Founded in 1972, the Des Moines Pastoral Counseling Center is a nonprofit organization with a mission to bring understanding, hope and healing to people of all ages through counseling and education. The Center serves more than 2,600 individuals annually through holistic counseling and other clinical services (including nearly 700 children and adolescents). Additionally, the Center serves more than 2,400 individuals through education and training services. #

Thank you to our 2018 donors!

Click image to launch 2018 Annual Report Summary

We gratefully acknowledge and thank all who so kindly contributed to the Center in 2018. This generosity brings hope and healing to children, teens and adults in need of high quality mental health services.

CHAMPIONS ($20,000+)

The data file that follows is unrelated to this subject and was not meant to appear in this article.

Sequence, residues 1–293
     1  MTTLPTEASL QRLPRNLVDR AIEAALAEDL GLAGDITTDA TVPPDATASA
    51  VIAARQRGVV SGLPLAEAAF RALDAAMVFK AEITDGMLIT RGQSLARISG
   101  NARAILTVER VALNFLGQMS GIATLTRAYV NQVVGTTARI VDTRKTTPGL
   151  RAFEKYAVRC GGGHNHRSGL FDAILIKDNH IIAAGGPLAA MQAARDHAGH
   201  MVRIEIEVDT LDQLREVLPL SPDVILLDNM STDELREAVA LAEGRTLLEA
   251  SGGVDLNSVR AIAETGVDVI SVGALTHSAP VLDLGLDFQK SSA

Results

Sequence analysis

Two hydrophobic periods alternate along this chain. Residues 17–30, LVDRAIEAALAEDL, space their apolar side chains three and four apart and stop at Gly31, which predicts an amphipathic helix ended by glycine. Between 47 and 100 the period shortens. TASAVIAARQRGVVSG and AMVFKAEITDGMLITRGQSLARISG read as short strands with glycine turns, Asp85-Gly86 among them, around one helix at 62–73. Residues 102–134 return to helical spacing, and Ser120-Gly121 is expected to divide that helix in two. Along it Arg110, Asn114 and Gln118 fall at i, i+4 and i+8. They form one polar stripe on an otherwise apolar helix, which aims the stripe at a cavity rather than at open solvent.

Fred Maytag Family Foundation
Polk County Board of Supervisors

VISIONARIES ($10,000 – 19,999)
American Enterprise Group
Mary and Doug Bruce
Sandra and C. Dean Carlson
Delta Dental of Iowa
Douglas A. Fick
Sammons Financial Group

PATRONS ($5,000 – $9,999)
Robert Burnett
BWA Foundation
Susan and Bill Knapp
Prairie Meadows
Kay and Bob Riley
The Viking Foundation of Lincoln
West Bancorporation Foundation, Inc.
Wells Fargo
Connie Wimer and Frank Fogarty
Sally T. Wood

HEALERS ($2,500 – $4,999)
Pamela Bass-Bookey and Harry Bookey
Cultivating Compassion: The Dr. Richard Deming Foundation
Sharon and Dennis Goldford
Mary Gottschalk and Kent Zimmerman
Sally and Tom Graf
Hy-Vee
Kathleen and Larry Zimpleman

NURTURERS ($1,000 – $2,499)
Teresa Adams-Tomka
Zanzibar’s Coffee Adventure
Sandra L. and Rev. Paul R. Axness
Roxanne Barton Conlin and Jim Conlin
Dr. Barbara Beatty
Borgen Systems
Elizabeth Burmeister
Beth and Tim Coonan
Patty and Jim Cownie
Des Moines University
Paula Duncan
Easter Family Fund
Sondra Eddings
Kathy and William Fehrman
Jann Freed and John Fisher